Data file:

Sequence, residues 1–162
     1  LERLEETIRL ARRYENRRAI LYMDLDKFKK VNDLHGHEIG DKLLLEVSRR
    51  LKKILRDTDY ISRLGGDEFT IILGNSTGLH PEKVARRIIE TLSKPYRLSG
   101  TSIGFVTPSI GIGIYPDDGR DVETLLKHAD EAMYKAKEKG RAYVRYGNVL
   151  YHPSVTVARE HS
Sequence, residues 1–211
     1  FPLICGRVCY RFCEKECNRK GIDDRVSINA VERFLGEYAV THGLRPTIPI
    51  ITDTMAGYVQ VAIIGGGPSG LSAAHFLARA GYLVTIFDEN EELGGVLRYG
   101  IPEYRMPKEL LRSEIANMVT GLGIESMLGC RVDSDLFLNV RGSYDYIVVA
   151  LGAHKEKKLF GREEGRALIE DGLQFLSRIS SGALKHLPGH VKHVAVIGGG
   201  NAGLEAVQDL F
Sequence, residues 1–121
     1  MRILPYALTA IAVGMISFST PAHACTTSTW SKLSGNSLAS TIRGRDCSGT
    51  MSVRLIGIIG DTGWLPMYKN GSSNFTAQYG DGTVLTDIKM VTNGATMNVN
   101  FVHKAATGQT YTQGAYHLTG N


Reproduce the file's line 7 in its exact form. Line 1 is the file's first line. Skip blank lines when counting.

     1  FPLICGRVCY RFCEKECNRK GIDDRVSINA VERFLGEYAV THGLRPTIPI